How Does Facebook Make Money
With exponential revenue growth, and a recent motion picture based on its creation, the world is asking, "How does Facebook make money?". The private company recently reported that it was covering all of its expenses through site-generated revenue, which is an incredible feat for a business that nominally doesn't sell anything at all. The combination of a user-friendly interface, ample opportunity for market data collection, and the age-old tradition of paid advertising furnishes the answer. The mechanism of this social behemoth is both simpler and more innovative than most people think.
- Traffic generation provides the first key to Facebook's financial success. With over 500 million active users, Facebook commands a vast, easily accessible market for their website content. While most of the content on the site is superficially purely social, it doubles as a mechanism for Facebook to make money.
- Data collection supplies the next part of the cash equation for Zuckerberg's creation. Each time new user opens a Facebook account, he or she provides instantaneous market research. The user fills out an entertaining little information form that includes everything that would be on a market research survey. Answers include demographic information like age, gender, and location, along with individual taste preferences. Facebook collects all these bits of user data and feeds them into their marketing machine.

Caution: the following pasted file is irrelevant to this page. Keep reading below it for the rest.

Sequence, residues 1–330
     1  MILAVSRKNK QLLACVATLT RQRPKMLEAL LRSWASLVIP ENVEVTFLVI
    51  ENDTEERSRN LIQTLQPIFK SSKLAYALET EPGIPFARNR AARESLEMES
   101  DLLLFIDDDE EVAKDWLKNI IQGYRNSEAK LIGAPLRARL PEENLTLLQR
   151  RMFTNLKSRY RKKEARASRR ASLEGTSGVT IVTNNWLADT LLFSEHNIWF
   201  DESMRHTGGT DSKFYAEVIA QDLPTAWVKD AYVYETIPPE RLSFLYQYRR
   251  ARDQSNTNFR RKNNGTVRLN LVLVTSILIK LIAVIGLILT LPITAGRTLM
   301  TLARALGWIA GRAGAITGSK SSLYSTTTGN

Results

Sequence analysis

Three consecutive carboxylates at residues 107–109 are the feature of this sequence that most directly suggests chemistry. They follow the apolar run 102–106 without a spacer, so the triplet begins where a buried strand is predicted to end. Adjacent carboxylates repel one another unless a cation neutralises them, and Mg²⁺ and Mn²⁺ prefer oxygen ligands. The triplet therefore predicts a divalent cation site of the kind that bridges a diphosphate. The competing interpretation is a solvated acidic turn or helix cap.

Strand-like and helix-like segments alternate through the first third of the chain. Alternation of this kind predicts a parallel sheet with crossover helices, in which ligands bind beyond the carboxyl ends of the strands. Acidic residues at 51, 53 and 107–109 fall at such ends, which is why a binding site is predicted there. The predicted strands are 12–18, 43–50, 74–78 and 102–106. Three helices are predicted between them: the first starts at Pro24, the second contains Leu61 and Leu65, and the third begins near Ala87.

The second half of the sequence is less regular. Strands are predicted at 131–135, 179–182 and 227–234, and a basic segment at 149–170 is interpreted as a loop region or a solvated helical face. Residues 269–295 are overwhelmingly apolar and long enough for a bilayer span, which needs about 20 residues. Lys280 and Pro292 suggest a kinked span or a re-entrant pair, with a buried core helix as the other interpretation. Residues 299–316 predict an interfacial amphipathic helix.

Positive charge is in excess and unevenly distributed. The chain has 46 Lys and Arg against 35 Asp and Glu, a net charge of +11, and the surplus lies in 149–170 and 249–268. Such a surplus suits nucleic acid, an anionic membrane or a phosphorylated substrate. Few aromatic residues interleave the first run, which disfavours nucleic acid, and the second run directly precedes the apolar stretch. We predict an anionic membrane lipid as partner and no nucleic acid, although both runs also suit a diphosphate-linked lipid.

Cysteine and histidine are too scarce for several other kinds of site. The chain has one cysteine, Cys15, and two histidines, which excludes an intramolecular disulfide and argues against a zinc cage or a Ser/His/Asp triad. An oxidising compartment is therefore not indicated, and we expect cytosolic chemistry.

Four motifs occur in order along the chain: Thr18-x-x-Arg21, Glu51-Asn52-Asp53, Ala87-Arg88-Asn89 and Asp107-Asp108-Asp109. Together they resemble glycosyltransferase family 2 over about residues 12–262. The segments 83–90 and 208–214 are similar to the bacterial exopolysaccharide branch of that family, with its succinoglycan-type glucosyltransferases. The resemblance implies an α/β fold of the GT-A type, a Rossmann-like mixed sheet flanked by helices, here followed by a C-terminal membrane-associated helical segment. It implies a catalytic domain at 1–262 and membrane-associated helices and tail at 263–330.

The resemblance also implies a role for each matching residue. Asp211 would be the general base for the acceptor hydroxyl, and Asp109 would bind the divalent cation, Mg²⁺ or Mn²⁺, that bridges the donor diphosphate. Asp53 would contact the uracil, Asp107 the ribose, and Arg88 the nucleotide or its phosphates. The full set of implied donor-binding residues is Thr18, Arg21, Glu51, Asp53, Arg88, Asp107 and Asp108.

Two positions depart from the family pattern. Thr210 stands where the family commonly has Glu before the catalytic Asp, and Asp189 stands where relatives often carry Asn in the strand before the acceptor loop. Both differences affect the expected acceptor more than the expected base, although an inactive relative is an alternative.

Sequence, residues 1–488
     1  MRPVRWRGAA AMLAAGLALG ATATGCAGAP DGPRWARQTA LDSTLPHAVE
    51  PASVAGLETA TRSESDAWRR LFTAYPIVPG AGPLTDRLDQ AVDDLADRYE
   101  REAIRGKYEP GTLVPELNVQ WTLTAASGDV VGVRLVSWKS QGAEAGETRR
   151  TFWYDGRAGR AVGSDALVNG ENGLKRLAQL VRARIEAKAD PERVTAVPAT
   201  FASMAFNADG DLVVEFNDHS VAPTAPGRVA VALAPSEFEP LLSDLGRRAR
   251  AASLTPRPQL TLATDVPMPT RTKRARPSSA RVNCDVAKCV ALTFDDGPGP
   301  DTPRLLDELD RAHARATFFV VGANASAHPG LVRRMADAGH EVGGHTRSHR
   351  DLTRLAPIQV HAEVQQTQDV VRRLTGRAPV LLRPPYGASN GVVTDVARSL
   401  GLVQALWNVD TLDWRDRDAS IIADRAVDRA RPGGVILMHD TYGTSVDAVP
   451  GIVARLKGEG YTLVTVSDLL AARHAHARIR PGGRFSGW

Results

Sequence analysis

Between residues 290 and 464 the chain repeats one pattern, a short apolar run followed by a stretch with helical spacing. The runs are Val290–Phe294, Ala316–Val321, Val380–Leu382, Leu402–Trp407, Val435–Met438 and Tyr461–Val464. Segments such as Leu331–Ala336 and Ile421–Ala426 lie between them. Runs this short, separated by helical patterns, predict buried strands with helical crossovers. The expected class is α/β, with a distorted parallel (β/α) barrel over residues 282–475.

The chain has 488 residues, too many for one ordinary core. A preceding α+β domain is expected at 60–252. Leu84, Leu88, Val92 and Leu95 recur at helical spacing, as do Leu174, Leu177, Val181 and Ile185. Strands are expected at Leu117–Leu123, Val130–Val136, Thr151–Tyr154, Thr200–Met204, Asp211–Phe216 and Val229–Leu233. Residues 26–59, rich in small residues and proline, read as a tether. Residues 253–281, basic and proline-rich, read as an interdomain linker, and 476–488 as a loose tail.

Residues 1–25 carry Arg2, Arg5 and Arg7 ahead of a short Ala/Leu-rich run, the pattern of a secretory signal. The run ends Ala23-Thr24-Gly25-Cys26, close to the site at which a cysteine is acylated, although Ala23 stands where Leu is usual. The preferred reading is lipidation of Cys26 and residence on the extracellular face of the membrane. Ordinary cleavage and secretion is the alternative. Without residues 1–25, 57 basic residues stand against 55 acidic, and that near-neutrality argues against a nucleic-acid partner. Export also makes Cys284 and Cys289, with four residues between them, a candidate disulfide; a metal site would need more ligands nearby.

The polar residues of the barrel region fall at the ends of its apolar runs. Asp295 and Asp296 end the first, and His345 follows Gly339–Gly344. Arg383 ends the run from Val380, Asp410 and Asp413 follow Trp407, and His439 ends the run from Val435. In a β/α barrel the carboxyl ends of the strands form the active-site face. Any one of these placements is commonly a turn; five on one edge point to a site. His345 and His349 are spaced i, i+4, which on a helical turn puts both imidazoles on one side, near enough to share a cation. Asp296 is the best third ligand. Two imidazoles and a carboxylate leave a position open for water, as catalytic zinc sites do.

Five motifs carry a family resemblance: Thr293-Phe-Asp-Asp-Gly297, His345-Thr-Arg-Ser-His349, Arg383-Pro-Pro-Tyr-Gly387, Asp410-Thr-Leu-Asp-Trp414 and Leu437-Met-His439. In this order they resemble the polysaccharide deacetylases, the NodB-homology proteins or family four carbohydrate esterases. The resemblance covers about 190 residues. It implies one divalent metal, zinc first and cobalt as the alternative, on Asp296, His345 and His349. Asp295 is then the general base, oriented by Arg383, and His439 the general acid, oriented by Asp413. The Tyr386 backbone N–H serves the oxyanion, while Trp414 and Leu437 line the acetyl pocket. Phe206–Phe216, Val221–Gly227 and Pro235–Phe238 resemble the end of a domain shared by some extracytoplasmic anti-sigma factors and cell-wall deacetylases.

- Targeted advertising is the primary way Facebook makes money. Each time a user logs in, he or she is confronted by a waterfall of advertising links cascading down the right side of the screen. Every one of them is related to a topic of interest for the individual. This degree of advertising affinity is a key element in a successful marketing campaign. To understand the audience provides a much higher profit potential than generalized or misplaced ads.
- Virtual products make up a relatively small percentage of Facebook's revenue, but the income is worth noting. Facebook games make money partly by selling credits to help players become more effective during game play. In addition, an early component of the site was the availability of "gifts" which could be given to friends electronically. Some were free, but the more entertaining items required a cash purchase. These elements allow the company to repeatedly generate revenue from a tiny bit of code or an image, depending on how many users are willing to fork out the funds for an electronic signal.
The Facebook money-making machine comprises these four factors. The combination of ultra-specific market research, and the common internet device of third-party advertising accounted for 400 million dollars in 2009, and the company continues to grow. The addition of simple gimmicks like digital gifting provides the icing on a very expensive cake.